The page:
The Ways of Change

I wrote last week about Bill C-559, the “Reform Act,” which if enacted would transfer some power from party leaders to MPs and caucuses in the House of Commons. Yesterday, I addressed the question whether the changes it would operate would be good for our democracy, and concluded that this is very doubtful. In this post, I want to consider the separate question whether, if I am wrong and the changes proposed by the supporters of Bill C-559 ought to be implemented, this implementation should be done through legislation. The way in which Bill C-559 would operate is to make the incorporation of the procedures it mandates into the internal rules (such constitutions and by-laws) of political parties a pre-condition of their registration with Elections Canada, which, in turn is required for a party to obtain important benefits (including the ability of its candidates to use its name on election ballots). In addition,  Bill C-559 explicitly says that it provisions would “prevail[] to the extent of the conflict or inconsistency” over those of the parties’ constitutions or by-laws (clauses 11 and 12).

This is quite unusual. As an interesting, eminently readable, and very timely paper by Gaeme D. Orr makes clear, political parties are subject to little (specific) regulation, except insofar as their financing is concerned, in the legal systems of the countries that have inherited the Westminster parliamentary model, including Canada. Parties have always been regarded as free to make their own internal rules. They can have the internal structure they wanted, their preferred way of choosing a leader, etc. The supporters of Bill C-559 like to say that it is not revolutionary, because the rules it would put in place exist in other Commonwealth jurisdictions. That may be so, but C-559 is revolutionary all the same, not because of its substance, but because it would be an unprecedented intrusion in the choices of previously autonomous organizations.

What warrants this intrusion? It is not the inability of political parties to implement the policies of C-559 on their own. Parties can now, if they so wish, give their caucus the right to boot out their leader. They can, if they so wish, give the caucus a say on the expulsion of caucus members. They could even implement rules practices that would deny the leader the ability to refuse to sign a candidate’s nomination papers, making the legal requirement that the leader do so a formality akin to the royal assent to legislation.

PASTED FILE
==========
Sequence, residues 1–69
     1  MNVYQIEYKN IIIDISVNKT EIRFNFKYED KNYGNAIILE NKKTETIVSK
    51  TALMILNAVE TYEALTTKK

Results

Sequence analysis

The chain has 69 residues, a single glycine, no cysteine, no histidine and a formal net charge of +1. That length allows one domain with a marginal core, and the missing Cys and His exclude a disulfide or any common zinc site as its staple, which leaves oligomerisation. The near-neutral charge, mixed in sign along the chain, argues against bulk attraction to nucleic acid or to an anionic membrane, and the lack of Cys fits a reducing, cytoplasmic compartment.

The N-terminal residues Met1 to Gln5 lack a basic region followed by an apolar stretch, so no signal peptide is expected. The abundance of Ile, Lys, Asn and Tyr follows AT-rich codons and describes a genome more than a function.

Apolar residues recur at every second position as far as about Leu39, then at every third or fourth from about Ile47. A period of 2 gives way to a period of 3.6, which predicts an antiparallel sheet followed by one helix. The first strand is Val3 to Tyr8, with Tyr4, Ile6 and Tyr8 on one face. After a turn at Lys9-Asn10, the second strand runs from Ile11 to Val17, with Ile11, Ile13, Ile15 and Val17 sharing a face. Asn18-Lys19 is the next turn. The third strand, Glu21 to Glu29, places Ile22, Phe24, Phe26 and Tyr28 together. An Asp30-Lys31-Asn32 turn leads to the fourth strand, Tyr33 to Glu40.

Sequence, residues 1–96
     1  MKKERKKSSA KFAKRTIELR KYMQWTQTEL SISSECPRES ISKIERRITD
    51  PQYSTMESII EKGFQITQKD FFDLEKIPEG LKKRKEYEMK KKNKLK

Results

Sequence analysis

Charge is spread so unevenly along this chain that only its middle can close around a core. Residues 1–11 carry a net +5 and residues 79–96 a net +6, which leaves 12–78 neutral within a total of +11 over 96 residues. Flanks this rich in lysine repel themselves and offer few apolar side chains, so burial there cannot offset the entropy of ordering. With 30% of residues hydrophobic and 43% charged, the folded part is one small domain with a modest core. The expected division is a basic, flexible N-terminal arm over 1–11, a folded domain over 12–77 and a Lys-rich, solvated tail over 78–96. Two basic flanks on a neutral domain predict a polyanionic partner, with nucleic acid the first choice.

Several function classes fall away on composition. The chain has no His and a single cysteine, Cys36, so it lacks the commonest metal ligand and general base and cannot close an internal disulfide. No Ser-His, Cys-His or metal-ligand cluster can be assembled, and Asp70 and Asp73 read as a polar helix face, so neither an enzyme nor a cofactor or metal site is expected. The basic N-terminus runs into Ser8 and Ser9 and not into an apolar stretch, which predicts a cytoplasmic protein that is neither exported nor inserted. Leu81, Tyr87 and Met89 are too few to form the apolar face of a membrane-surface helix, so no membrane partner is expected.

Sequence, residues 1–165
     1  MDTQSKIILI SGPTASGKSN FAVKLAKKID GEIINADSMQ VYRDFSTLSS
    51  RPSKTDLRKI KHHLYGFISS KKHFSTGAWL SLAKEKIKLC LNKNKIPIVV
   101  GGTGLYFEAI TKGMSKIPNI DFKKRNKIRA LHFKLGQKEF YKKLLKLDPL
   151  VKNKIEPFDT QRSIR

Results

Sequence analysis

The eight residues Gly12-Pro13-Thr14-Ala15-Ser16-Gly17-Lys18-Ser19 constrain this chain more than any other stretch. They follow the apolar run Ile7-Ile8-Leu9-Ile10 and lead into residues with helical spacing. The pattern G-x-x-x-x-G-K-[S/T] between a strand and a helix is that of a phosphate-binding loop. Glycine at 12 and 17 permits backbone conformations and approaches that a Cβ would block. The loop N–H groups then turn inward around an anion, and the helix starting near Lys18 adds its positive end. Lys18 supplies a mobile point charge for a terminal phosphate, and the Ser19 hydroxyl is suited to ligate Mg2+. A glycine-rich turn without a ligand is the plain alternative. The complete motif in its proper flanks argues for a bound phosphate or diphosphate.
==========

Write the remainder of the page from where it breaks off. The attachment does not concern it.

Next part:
The supporters of Bill C-559 might believe that, although having the legal and practical ability to act, political parties are nevertheless prevented from doing so by a collective action problem. Perhaps a party which implemented the changes proposed by the bill unilaterally, without the others doing so, would suffer as a result, so that none has an incentive to act on its own even though they all would be better off if they acted together. I do not believe I have actually seen any such argument, though of course I might have missed something. But I am not sure how much force it would have. Perhaps there is a collective action problem of this sort with respect to candidate selection, insofar as giving a leader veto power over nominations allows a party to present a more unified team, and thus look better in the eyes of the media, which is all too eager to treat internal disagreement as a sign of a leader’s weakness and a party’s disorganization. A party which unilaterally curtails its leader’s power to cut questionable candidates loose might become vulnerable to criticism ― but it could also posture as more open and democratic than its rivals, so I am not sure where the cost/benefit calculus ends up. And certainly there is no collective action problem preventing parties from experimenting with rules on choosing and removing leaders ― there has, in fact, been considerable innovation in this area recently.

The real problem is not that political parties are somehow unable to act. It is that they do not want to. They choose to empower their leaders in ways which the supporters of Bill C-559 do not like. The question, then, is whether some over-riding consideration justifies over-riding their free choices. The answer, of course, will depend on just great the benefits one expects the implementation of C-559 to yield would be, which are the subject of much discussion. But it must also depend on the costs of this interference with the parties’ choices ― and I have the impression that these costs are not discussed at all. Yet there is always a cost in interfering with people’s choices; there is also, more specifically, a cost to telling party members ― people whose participation in the political system should, one might think, be saluted and respected ― that the choices which they make do not deserve to be respected. Bill C-559 does this generally, by over-riding party rules, and more particularly too, by making it possible for MPs to override the party members’ (or supporters’) choice of leader.

To me these costs seem pretty significant. Given that even many of those who support Bill C-559 seem uncertain about its benefits, I do not think that legislation interfering with the internal rules of political parties is the best way to change Canadian politics. Bill C-559 has the merit of having forced upon us a conversation that is well-worth having. But parties should be free to make their own responses to this conversation. And we can, then, judge them by these responses.

Author: Leonid Sirota

Law nerd. I teach constitutional law at the Auckland University of Technology Law School, in New Zealand. I studied law at McGill, clerked at the Federal Court of Canada, and then did graduate work at the NYU School of Law.

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